2020: An annus horribilis, or a year of lessons?

It depends on how you choose to view 2020. Thank you to all who participated in my September 2020 Weekend Poll, through which I checked in with readers as to how and what you’re doing more than half a year into the COVID-19 pandemic. The results are interesting, so read on.

How assistants are doing

We’re all in the midst of the same pandemic, yet experiences and impacts differ from one person to another – and, sometimes, from one day to another. More than one in four respondents, 26%, reported you’re doing well. This is in contrast to 9% who reported you’re having a difficult time – and I hope these assistants are doing what you can to stay connected with other people as you move forward. The remaining 65% said the pandemic has brought challenges, yet overall you’re doing fine.

Who’s back in the office?

It’s understandable that there are correlations between what and how people are doing. That includes whether you’ve taken on increased responsibilities, or are out of work. Six percent of respondents reported being out work and searching for a new role. 

Who’s in the office? Well, 19% said you’ve been working in the office throughout the pandemic, while another 11% have returned. Another 37% of respondents said you’ve embarked on hybrid work arrangements, working both remotely and in the office. That adds up to 67% of respondents who are currently in traditional work environments some or all of the work week.

That leaves 27%, more than a quarter of all respondents, who continue to work remotely eight months or so into the COVID-19 pandemic. Fourteen percent of all respondents expect to be back in their offices by December 2020, with another 7% anticipating returning by mid-2021. For 6% of respondents, though, return dates are not yet known.


I know one EA who began 2020 supporting one senior executive in a multinational firm. With significant layoffs across the board impacting a number of EAs, that friend went from supporting one senior executive to three. With this in mind, I asked readers about the pandemic’s impacts on your workloads.

Thirty-nine percent of respondents said you’ve not experienced More than a third of all respondents, 37%, reported that your workloads have changed in recent months. Nine percent support more people than they did pre-pandemic. Another 28% said the scope of your roles has changed, resulting in heavier workloads.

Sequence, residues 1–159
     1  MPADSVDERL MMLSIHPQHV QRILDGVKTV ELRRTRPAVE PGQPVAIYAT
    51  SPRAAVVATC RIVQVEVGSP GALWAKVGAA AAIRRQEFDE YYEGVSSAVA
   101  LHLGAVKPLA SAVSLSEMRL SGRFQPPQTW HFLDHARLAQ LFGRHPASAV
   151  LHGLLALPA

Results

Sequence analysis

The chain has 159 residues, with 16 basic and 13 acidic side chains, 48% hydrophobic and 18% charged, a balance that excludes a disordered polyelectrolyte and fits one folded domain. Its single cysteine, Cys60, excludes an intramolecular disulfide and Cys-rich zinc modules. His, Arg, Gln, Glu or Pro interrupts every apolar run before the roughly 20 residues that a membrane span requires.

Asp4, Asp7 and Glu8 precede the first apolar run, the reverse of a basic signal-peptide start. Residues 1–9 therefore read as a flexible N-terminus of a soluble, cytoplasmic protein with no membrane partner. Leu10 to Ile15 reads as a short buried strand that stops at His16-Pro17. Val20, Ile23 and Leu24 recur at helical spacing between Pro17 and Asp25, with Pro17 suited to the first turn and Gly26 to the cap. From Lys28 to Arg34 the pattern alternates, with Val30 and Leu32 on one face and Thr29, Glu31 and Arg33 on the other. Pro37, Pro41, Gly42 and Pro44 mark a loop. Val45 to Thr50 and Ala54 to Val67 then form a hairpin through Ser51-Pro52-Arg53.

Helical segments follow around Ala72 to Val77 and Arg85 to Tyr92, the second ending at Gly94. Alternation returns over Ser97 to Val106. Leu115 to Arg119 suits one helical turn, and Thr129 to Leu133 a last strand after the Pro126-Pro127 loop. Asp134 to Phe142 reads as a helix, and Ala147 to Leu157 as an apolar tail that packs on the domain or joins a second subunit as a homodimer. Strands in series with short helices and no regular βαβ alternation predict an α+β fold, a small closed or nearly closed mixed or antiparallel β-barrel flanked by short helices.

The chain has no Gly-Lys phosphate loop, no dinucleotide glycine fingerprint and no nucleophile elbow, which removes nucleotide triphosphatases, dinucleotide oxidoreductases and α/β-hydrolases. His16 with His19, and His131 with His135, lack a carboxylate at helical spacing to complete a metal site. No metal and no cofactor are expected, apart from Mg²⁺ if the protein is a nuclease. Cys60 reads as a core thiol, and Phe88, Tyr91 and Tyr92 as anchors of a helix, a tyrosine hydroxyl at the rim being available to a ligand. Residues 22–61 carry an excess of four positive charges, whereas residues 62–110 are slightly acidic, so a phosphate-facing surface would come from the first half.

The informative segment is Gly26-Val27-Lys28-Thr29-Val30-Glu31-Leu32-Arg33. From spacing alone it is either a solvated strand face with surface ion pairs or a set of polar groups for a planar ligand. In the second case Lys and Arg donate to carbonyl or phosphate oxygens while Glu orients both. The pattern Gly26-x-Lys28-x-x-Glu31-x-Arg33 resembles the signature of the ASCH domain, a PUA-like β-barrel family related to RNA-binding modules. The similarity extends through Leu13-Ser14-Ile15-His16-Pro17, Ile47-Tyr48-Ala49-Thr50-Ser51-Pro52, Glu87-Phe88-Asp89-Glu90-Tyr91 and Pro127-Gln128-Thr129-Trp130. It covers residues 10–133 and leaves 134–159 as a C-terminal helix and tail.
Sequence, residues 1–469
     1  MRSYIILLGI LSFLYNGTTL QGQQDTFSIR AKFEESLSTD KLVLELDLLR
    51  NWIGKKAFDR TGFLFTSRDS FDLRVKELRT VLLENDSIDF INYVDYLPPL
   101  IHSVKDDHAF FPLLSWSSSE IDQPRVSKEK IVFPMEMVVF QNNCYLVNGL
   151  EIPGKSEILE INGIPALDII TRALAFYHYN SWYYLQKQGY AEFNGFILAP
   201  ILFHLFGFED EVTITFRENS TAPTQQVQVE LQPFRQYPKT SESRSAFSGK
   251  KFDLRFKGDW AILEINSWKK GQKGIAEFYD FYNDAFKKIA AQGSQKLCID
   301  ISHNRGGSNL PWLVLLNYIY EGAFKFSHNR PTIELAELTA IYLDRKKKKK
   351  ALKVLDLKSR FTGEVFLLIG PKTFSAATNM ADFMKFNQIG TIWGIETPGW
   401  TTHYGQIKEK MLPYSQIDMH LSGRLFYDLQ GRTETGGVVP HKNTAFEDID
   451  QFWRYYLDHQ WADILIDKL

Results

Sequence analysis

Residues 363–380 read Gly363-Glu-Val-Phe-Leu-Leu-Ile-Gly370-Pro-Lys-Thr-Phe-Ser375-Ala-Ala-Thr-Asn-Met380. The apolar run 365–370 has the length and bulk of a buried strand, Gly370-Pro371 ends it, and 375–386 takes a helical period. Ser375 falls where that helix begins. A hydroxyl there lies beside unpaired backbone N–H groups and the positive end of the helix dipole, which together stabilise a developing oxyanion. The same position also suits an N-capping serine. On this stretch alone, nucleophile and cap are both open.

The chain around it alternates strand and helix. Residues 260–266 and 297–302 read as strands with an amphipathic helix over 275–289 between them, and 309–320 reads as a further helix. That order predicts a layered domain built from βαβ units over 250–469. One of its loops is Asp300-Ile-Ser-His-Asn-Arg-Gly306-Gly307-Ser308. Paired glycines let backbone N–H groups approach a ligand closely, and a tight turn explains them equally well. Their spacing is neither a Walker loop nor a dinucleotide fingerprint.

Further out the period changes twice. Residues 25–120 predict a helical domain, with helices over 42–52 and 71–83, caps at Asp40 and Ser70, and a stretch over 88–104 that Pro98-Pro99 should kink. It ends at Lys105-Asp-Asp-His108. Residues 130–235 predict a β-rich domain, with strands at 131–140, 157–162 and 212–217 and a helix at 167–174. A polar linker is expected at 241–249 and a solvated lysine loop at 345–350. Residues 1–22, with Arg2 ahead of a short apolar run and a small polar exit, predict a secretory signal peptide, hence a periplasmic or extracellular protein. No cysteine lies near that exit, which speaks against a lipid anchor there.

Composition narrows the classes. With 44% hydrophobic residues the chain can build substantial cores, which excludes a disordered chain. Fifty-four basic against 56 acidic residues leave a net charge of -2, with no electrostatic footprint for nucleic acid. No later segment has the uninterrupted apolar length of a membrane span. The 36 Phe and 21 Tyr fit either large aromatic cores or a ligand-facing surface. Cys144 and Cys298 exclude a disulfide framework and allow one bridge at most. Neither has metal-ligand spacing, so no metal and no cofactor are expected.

Let’s think about those home work environments

I asked readers to describe your home work environments. A fortunate 58% of respondents have a spare/dedicated room specifically for your work. The remaining 42% set up shop at your dining room tables or some other space, with the majority dismantling such in-home workspaces only for weekends or special occasions.

Almost a third of respondents, 32%, said the ergonomic quality of your work from home arrangements is good. Another 53% said that, while imperfect, your situations are workable on an interim basis and you’re making a point of changing position, stretching or walking around every hour or so. Just over half of you are using personal desk chairs that work well, and 22% are relying on employer-provided desk chairs. Another 26% are perched on personal chairs that you consider less than ideal.

Meanwhile, back at the office …

Ninety-two percent of respondents who are now back in the office, or whose returns are imminent, reported that your organisations have established protocols or guidelines for colleagues to observe. I’ve read social media posts from people tasked with coordinating welcome back plans and/or gestures of appreciation to returning colleagues, so I asked readers if you’ve been asked to coordinate or contribute to such activities. One in five said yes; you have been involved in such undertakings.

Personal protective equipment (PPE) is part of life for many, and I asked readers who are now back in your offices whether you have responsibilities for sourcing, ordering or distributing PPE. Sixteen percent of respondents source, order and/or serve as your office’s PPE point of contact for people collecting such equipment. Another 23% said a different assistant in your office has such responsibilities, and such responsibilities are not on the radar for 61%.